Not every car accident requires a police report. If no injuries or property damage occurred and all parties sorted out the details of the accident, you may not need to report the incident to police. On the other hand, any car accident that involves serious injuries requires a police report. Additionally, if you and the other driver can’t agree on the events leading up to the accident, you should talk to the police.
Police reports document the scene of the accident.
It isn’t easy to remember every detail of your accident. In fact, human memory is a notoriously unreliable source of information – especially several days or weeks after the event happened. A police report will solidify the facts of the accident so you don’t have to figure them out down the line. This also prevents the other driver from changing his / her story to avoid assuming responsibility for the collision.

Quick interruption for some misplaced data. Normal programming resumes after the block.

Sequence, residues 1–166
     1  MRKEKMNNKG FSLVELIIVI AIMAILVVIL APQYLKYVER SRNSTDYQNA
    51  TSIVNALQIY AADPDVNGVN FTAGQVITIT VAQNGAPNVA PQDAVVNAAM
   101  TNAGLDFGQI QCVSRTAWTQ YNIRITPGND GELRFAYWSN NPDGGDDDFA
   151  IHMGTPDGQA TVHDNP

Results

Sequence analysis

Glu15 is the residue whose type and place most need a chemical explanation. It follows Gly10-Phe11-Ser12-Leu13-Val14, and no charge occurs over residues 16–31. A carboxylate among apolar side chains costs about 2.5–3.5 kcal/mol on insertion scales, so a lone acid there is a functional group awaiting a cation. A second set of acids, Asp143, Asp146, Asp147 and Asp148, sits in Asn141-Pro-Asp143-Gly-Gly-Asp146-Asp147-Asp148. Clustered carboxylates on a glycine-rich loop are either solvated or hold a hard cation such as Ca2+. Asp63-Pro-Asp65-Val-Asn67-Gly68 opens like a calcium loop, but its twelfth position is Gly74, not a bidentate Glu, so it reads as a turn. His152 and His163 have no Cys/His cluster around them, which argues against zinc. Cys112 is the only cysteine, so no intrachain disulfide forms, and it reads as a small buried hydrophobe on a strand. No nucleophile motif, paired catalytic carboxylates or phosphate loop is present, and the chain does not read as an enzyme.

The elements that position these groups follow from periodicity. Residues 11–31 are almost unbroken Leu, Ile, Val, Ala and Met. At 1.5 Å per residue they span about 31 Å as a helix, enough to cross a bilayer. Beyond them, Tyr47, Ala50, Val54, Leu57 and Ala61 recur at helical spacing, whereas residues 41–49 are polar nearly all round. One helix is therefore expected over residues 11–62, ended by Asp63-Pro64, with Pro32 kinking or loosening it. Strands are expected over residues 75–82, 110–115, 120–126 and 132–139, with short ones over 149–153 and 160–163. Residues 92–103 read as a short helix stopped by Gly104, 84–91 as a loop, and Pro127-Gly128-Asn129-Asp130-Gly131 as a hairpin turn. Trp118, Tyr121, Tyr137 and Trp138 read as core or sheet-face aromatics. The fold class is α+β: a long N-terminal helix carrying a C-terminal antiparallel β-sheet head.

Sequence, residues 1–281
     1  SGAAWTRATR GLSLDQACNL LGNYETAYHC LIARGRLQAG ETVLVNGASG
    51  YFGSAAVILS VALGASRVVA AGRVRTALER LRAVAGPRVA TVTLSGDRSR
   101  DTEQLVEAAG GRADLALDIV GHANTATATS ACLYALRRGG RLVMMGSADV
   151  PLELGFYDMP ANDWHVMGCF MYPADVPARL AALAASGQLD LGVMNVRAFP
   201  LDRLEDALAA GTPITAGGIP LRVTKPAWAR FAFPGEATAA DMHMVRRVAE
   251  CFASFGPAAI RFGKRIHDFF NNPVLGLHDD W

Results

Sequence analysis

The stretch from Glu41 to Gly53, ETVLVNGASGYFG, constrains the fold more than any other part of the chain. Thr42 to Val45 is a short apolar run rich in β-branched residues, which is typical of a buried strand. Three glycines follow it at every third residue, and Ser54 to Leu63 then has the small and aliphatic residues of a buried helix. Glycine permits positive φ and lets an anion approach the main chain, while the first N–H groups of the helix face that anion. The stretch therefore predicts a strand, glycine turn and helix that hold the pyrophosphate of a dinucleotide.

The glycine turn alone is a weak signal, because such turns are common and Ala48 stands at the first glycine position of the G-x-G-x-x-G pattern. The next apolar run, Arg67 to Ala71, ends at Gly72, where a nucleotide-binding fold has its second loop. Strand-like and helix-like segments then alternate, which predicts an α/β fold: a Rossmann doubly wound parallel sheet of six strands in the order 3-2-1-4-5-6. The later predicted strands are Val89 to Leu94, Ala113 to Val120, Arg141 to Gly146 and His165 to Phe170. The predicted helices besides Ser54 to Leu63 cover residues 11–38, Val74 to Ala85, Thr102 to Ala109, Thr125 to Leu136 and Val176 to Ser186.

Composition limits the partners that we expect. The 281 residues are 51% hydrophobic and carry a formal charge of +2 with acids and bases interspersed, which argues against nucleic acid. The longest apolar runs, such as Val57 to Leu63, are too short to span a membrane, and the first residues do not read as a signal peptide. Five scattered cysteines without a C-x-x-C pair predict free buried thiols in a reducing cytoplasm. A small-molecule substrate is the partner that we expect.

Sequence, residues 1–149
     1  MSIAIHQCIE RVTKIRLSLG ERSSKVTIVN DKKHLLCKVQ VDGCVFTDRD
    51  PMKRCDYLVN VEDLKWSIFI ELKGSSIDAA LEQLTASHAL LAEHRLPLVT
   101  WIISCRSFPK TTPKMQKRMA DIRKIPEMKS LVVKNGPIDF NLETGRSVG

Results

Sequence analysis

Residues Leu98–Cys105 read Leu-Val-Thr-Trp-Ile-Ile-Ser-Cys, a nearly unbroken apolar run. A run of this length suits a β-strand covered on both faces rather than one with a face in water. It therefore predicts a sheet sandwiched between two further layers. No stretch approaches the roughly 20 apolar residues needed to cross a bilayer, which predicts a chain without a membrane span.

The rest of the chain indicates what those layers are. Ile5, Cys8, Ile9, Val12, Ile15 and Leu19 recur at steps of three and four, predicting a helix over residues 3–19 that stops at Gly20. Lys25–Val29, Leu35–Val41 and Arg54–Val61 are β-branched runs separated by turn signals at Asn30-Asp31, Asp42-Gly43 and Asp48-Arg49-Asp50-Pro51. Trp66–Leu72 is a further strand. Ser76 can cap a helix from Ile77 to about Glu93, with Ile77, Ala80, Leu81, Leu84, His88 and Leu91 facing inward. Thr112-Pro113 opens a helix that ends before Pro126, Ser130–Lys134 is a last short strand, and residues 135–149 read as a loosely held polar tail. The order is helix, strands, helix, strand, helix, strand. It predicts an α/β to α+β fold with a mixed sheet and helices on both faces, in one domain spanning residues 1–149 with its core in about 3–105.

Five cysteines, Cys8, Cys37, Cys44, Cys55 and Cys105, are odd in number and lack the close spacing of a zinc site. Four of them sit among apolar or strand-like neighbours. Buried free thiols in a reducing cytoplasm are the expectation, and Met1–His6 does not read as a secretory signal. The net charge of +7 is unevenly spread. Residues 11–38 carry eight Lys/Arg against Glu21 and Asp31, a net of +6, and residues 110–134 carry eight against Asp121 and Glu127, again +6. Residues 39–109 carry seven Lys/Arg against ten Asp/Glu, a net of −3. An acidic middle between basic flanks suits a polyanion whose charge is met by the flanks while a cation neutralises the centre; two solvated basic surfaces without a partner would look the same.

Liability (fault) is one of the most important facts of your car accident case. In many situations, fault determines who caused the accident and who is eligible to recover compensation for damages and injuries. Police reports are a major factor used to determine fault. In fact, getting a copy of the police report is typically the first step in determining liability for your damages.
A police report will help your attorney get the compensation you deserve.
If you sustained a serious injury, you can seek compensation for not only property damage, but noneconomic damages, medical expenses, missed wages, and more. A police report makes this process easier than it would be without one. Using facts established by law enforcement, your attorney can create a strong case in your favor.
To learn more about your legal rights after a car accident, contact Overett Group today.